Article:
In this issue

Jonathan Tobin: Defending the Right to a Jewish State

Heather Hale: Compliment your kids without giving them big heads

Megan Shauri: 10 ways you are ruining your own happiness

Carolyn Bigda: 8 Best Dividend Stocks for 2015

Kiplinger's Personal Finance editors: 7 Things You Didn't Know About Paying Off Student Loans

Samantha Olson: The Crucial Mistake 55% Of Parents Are Making At Their Baby's Bedtime

Densie Well, Ph.D., R.D. Open your eyes to yellow vegetables

The Kosher Gourmet by Megan Gordon With its colorful cache of purples and oranges and reds, COLLARD GREEN SLAW is a marvelous mood booster --- not to mention just downright delish
April 18, 2014

Rabbi Yonason Goldson: Clarifying one of the greatest philosophical conundrums in theology

Caroline B. Glick: The disappearance of US will

Megan Wallgren: 10 things I've learned from my teenagers

Lizette Borreli: Green Tea Boosts Brain Power, May Help Treat Dementia

John Ericson: Trying hard to be 'positive' but never succeeding? Blame Your Brain

The Kosher Gourmet by Julie Rothman Almondy, flourless torta del re (Italian king's cake), has royal roots, is simple to make, . . . but devour it because it's simply delicious

April 14, 2014

Rabbi Dr Naftali Brawer: Passover frees us from the tyranny of time

Greg Crosby: Passing Over Religion

Eric Schulzke: First degree: How America really recovered from a murder epidemic

Georgia Lee: When love is not enough: Teaching your kids about the realities of adult relationships

Cameron Huddleston: Freebies for Your Lawn and Garden

Gordon Pape: How you can tell if your financial adviser is setting you up for potential ruin

Dana Dovey: Up to 500,000 people die each year from hepatitis C-related liver disease. New Treatment Has Over 90% Success Rate

Justin Caba: Eating Watermelon Can Help Control High Blood Pressure

The Kosher Gourmet by Joshua E. London and Lou Marmon Don't dare pass over these Pesach picks for Manischewitz!

April 11, 2014

Rabbi Hillel Goldberg: Silence is much more than golden

Caroline B. Glick: Forgetting freedom at Passover

Susan Swann: How to value a child for who he is, not just what he does

Cameron Huddleston: 7 Financial Tasks You Should Tackle Right Now

Sandra Block and Lisa Gerstner: How to Profit From Your Passion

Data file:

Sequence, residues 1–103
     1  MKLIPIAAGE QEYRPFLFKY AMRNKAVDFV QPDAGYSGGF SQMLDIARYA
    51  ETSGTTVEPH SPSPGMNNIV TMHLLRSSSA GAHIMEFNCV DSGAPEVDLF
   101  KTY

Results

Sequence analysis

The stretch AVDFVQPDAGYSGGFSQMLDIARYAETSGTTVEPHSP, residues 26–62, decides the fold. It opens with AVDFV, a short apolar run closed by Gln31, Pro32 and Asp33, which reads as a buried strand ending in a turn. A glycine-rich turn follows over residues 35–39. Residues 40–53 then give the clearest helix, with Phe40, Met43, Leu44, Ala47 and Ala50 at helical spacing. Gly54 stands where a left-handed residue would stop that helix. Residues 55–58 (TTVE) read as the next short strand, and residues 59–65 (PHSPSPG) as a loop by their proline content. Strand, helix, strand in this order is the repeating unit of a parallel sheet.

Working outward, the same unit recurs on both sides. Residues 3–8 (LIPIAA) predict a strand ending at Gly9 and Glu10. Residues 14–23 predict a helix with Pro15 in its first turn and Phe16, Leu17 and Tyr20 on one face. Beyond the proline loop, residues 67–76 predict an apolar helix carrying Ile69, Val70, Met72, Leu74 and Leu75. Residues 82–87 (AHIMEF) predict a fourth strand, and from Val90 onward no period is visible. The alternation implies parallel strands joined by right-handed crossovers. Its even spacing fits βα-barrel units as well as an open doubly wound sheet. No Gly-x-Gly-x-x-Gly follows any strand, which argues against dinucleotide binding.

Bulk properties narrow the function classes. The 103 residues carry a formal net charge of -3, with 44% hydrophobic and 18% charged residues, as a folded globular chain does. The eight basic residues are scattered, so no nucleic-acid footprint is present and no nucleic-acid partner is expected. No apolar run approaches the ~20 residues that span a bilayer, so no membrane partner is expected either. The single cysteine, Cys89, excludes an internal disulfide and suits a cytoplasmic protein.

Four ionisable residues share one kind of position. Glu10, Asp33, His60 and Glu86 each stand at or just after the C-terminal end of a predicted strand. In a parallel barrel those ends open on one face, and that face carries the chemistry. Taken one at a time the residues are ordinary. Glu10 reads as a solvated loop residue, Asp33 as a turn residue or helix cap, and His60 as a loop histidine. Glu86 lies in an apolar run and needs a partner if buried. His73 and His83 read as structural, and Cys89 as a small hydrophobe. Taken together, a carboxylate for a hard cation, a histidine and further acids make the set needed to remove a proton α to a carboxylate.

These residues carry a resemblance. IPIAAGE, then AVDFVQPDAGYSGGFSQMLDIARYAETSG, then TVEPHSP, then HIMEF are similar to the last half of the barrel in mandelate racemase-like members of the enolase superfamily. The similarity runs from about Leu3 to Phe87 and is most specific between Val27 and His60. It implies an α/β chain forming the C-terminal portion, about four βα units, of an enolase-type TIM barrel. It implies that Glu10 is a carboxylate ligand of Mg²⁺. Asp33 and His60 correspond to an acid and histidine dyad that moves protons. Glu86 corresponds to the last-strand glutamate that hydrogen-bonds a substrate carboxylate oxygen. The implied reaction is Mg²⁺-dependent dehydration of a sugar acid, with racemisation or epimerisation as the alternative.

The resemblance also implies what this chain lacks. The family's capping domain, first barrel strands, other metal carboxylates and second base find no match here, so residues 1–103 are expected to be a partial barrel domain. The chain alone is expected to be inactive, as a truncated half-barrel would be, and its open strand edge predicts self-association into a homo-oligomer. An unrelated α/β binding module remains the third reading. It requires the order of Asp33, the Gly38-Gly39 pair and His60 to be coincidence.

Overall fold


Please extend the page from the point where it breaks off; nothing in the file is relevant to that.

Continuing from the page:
Susan Scutti: A Simple Blood Test Might Soon Diagnose Cancer

Chris Weller: Have A Slow Metabolism? Let Science Speed It Up For You

The Kosher Gourmet by Diane Rossen Worthington Whitefish Terrine: A French take on gefilte fish

April 9, 2014

Jonathan Tobin: Why Did Kerry Lie About Israeli Blame?

Samuel G. Freedman: A resolution 70 years later for a father's unsettling legacy of ashes from Dachau

Jessica Ivins: A resolution 70 years later for a father's unsettling legacy of ashes from Dachau

Kim Giles: Asking for help is not weakness

Kathy Kristof and Barbara Hoch Marcus: 7 Great Growth Israeli Stocks

Matthew Mientka: How Beans, Peas, And Chickpeas Cleanse Bad Cholesterol and Lowers Risk of Heart Disease

Sabrina Bachai: 5 At-Home Treatments For Headaches

The Kosher Gourmet by Daniel Neman Have yourself a matzo ball: The secrets bubby never told you and recipes she could have never imagined

April 8, 2014

Lori Nawyn: At Your Wit's End and Back: Finding Peace

Susan B. Garland and Rachel L. Sheedy: Strategies Married Couples Can Use to Boost Benefits

David Muhlbaum: Smart Tax Deductions Non-Itemizers Can Claim

Jill Weisenberger, M.S., R.D.N., C.D.E : Before You Lose Your Mental Edge

Dana Dovey: Coffee Drinkers Rejoice! Your Cup Of Joe Can Prevent Death From Liver Disease

Chris Weller: Electric 'Thinking Cap' Puts Your Brain Power Into High Gear

The Kosher Gourmet by Marlene Parrish A gift of hazelnuts keeps giving --- for a variety of nutty recipes: Entree, side, soup, dessert

April 4, 2014

Rabbi David Gutterman: The Word for Nothing Means Everything

Charles Krauthammer: Kerry's folly, Chapter 3

Amy Peterson: A life of love: How to build lasting relationships with your children

John Ericson: Older Women: Save Your Heart, Prevent Stroke Don't Drink Diet

John Ericson: Why 50 million Americans will still have spring allergies after taking meds

Cameron Huddleston: Best and Worst Buys of April 2014

Stacy Rapacon: Great Mutual Funds for Young Investors

Sarah Boesveld: Teacher keeps promise to mail thousands of former students letters written by their past selves

The Kosher Gourmet by Sharon Thompson Anyone can make a salad, you say. But can they make a great salad? (SECRETS, TESTED TECHNIQUES + 4 RECIPES, INCLUDING DRESSINGS)

April 2, 2014

Paul Greenberg: Death and joy in the spring

Dan Barry: Should South Carolina Jews be forced to maintain this chimney built by Germans serving the Nazis?

Mayra Bitsko: Save me! An alien took over my child's personality

Frank Clayton: Get happy: 20 scientifically proven happiness activities

Susan Scutti: It's Genetic! Obesity and the 'Carb Breakdown' Gene

Lecia Bushak: Why Hand Sanitizer May Actually Harm Your Health

Stacy Rapacon: Great Funds You Can Own for $500 or Less

Cameron Huddleston: 7 Ways to Save on Home Decor

The Kosher Gourmet by Steve Petusevsky Exploring ingredients as edible-stuffed containers (TWO RECIPES + TIPS & TECHINQUES)

Jewish World Review March 15 , 2012/ 21 Adar, 5772

Son of Climategate

By Paul Greenberg